COVID, FUNDING, AND REOPENING
There is a lot to be said about Coronavirus, reopening, funding in Ireland (and other places) and I cannot cover it all in one blog. So rather than try to break it all down and explain it to you myself, I’d like to direct you to the link above. John O’Brien, an independent consultant specialising in the Arts, Culture and Creative industries, does a much better, more thorough, and more informed job than I ever could. This blog entry includes the infographic pictured above.
Again, I think trying to paraphrase or sum up this piece by Toner Quinn for The Journal of Music would be doing it a disservice, so I encourage you to read it yourself. To pull a quote from it which I find infinitely agreeable:
“Minister Martin needs to set out a new vision for arts and culture in Ireland and make the case for putting cultural ecosystems on the same footing as business and tech culture.”
I have high hopes for Minister Martin; having been immersed in the cultural ecosystem herself, I hope she will bring her experience to bear when considering policies that could potentially make or break an entire industry in the wake of the seemingly endless Coronavirus pandemic. And when I read stories like Quinn’s, I hope even harder for a better, more sustainable, more equitable future for the arts.
And on the note of sustainability, I’ll just take a quick second to draw your attention to this Tweet (above) from the wonderful Peter Daly. Do consider getting in touch with Peter if you’ve had your PUP decreased or cancelled. Twitter is showing me an increasing number of Tweets like this one from Mary Coughlan, so research efforts are going to be critical going forward.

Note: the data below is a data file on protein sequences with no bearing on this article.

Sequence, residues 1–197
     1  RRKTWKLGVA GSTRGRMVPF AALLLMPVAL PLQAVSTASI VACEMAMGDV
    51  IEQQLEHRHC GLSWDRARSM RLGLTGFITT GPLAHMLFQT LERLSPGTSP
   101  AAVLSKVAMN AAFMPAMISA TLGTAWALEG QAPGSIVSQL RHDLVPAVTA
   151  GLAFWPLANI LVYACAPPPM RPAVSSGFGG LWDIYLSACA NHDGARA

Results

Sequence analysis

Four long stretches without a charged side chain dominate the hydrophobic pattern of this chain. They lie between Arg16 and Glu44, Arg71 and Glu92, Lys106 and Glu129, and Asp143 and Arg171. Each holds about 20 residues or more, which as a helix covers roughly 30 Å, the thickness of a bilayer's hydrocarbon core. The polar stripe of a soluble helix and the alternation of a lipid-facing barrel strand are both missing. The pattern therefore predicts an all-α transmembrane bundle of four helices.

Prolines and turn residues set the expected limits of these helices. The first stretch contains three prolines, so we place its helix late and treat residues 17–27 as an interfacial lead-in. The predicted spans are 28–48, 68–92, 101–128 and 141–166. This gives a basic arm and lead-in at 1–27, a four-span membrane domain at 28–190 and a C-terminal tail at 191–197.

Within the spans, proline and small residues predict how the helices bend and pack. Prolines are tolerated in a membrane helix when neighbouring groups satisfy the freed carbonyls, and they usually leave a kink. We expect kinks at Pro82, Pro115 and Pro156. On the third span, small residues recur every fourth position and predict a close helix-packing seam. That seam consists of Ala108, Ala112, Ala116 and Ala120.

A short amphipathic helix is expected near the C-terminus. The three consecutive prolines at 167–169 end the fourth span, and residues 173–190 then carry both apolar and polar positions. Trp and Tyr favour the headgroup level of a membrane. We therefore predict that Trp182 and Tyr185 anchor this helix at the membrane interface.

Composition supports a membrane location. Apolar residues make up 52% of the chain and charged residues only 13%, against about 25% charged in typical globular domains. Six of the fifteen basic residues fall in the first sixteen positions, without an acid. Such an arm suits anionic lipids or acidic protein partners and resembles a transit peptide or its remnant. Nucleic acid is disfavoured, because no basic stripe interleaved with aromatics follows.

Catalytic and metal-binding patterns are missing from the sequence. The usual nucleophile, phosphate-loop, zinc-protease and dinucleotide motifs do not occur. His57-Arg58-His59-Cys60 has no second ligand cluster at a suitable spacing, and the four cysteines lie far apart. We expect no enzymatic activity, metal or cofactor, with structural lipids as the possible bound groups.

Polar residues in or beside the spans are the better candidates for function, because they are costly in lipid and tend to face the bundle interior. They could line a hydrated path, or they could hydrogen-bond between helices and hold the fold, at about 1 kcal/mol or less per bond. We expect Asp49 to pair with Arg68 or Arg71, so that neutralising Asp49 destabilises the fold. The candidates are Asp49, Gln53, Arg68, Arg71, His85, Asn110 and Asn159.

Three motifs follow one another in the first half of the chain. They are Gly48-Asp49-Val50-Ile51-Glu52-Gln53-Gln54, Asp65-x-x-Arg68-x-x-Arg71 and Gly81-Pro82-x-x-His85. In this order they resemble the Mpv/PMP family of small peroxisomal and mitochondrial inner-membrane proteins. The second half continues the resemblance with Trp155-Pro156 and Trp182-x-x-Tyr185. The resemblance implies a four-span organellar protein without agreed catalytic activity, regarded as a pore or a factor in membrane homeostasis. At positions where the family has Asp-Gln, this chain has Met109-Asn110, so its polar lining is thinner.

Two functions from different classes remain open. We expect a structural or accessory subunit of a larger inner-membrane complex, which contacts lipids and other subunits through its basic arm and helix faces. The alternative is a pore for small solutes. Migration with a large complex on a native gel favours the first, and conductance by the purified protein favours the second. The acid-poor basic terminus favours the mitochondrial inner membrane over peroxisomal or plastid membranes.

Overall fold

And now, to quote one of my favorite childhood stories, ‘Madeline’: that’s all there is, there isn’t any more. (This is a lie, of course, there is so much more that I couldn’t cover! Did I miss anything earth shattering? Send it to me if I did!)
Until next week, Earthlings.
@tai.draws on Instagram is a brilliant artist and this illustrated guide on how to get better at getting new pronouns right is lovely to look at and also very helpful
Tai on Instagram: How to Get Better at Getting New Pronouns Right
This is a long but very informative read on Direct Provision; I moved to Ireland five years ago and this article has been helpful in filling in the gaps in my knowledge around the history and practical implications of Direct Provision.
I live in direct provision. It’s a devastating system – and it has thrown away millions
And finally, part of being a good ally or accomplice to anyone is to make responsible decisions when it comes to public health. Download the Covid-19 tracker app. Just do it. Everyone already has your data, just get the app.
Download the COVID Tracker app [Ireland]